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Fujitsu wants to make the world a better place with its technology • The Register

Fujitsu wants to make the world a better place and believes technology is the way to do it. Fujitsu technology, of course.

The Japanese multinational set out its vision – outlining an automated, converged world, with AI to support decision-making – for the next decade or so at its online ActivateNow: Technology Summit. Fujitsu also explained how it believes the technology will help address various global challenges, including climate change, biodiversity, inequality and (in developed countries) aging populations.

Delivering the keynote, CTO Vivek Mahajan said that Fujitsu believes it is its responsibility as a technology company to solve global problems and sees technology as essential to solving those problems. “The potential for innovation to have a positive impact is huge,” he said.

Mahajan predicted that the current decade will usher in a world of vast computing resources through advances in conventional and quantum processing technology, and everyone will be seamlessly connected. It will also be an automated world, with AI to support decision-making, and a converged world where technology should “enhance people’s lives in ways that feel natural and add value.”

Hirotaka Hara, Fujitsu’s Representative Director and Head of Fujitsu Research, said he has established “a clear vision for the future to about 2030”, and that this will shape the strategy and actions to be taken today, the activities of Fujitsu Research being determined. by this process.

He highlighted two “visions for innovation” – the transformation of discovery and the convergence of digital technology with the humanities and social sciences, which are necessary because the world needs a new strategy to accelerate discovery. new solutions to challenges such as CO reduction2 emissions and human well-being.

To solve this problem, Fujitsu is working to deliver significant advances in computing power by integrating quantum computing with traditional HPC technology, according to Hirotaka. He added that quantum technology will be able to handle “exponentially larger data sets” and new problems, and believes the technology will be widely available by 2030.

Hirotaka said Fujitsu is developing its own quantum technology, and since the company is already one of the supercomputing players with its Arm-based Fugaku system, it has strong credentials when it claims to be working to combine the two technologies.

Successful integration should lead to a “new computational paradigm” that will reduce the time needed for major discoveries, especially in areas such as drug discovery, through the ability to run simulations at higher speeds, said Fujitsu.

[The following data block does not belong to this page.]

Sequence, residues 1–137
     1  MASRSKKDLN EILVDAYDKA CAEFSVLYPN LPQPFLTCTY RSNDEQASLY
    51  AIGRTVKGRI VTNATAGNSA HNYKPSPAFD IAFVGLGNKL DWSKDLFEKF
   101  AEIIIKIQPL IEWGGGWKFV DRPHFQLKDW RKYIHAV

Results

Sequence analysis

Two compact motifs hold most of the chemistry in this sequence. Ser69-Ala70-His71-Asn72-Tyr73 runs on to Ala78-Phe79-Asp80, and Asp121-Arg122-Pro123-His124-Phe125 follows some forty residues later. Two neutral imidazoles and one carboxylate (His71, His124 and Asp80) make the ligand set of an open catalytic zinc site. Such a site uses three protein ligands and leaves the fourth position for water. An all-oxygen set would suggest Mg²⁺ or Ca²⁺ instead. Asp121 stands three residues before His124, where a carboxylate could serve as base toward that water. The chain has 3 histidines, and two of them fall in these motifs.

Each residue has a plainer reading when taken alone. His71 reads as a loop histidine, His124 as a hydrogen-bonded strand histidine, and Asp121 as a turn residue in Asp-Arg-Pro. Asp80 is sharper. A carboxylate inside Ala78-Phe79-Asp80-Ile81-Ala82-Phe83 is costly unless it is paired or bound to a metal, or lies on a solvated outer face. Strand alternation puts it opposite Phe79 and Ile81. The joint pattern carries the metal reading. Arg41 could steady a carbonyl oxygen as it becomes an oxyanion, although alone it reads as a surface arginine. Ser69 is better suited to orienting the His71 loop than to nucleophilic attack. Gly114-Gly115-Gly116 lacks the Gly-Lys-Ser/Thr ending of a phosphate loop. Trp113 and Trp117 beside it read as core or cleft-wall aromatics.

Like most other big tech companies, Fujitsu also sees AI as a key technology, especially for areas like scientific discovery, as AI is able to infer relationships in complex data. However, Fujitsu said it was important to use explainable AI techniques such as its Deep Tensor technology so that researchers can understand how the AI ​​produced its results.

One of the areas highlighted by Fujitsu is the search for cancer cures, the application of AI to cancer, and genetic analysis to pave the way for personalized treatment. Explainable AI may be able to identify the cause of specific cancers and allow doctors to understand them.

But what about concerns that technology like AI could replace humans and put them out of work? Fujitsu has acknowledged this, but says it “puts people at the center of everything” and that innovation is driven by people, so the role of technology is to complement people and help them achieve results faster.

Beyond that, the company claimed that technology can actually be used to address complex social challenges by converging data-driven intelligence with human insight. This laudable goal apparently involves the development of “social digital twin” technology, combining the digital world and the behavioral sciences.

According to Yoshikuni Takashige, head of Fujitsu’s technology strategy unit, this is supposed to allow city officials to rehearse how policies designed to solve various problems will change human behaviors and develop consensus-based decisions.

“A big challenge for policymakers is how to explain the future impact of programs to businesses and citizens, Digital Twin technology can help all stakeholders understand where we are today and what will happen if we’re not changing behaviors,” he said.

Fujitsu’s digital twin approach uses very high-throughput data processing technology, using a model it has already developed called Dracena, which apparently stands for the word salad Dynamically-Reconfigurable Asynchronous Consistent EveNt processing Architecture.

If this all seems a bit tricky, it might be because Fujitsu thinks we’re going through a period of upheaval, and as Yoshikuni said, we “live in an uncertain world” and “technology can empower people to drive the actions we need to take now.” Don’t mention the Post Office Horizon scandal. ®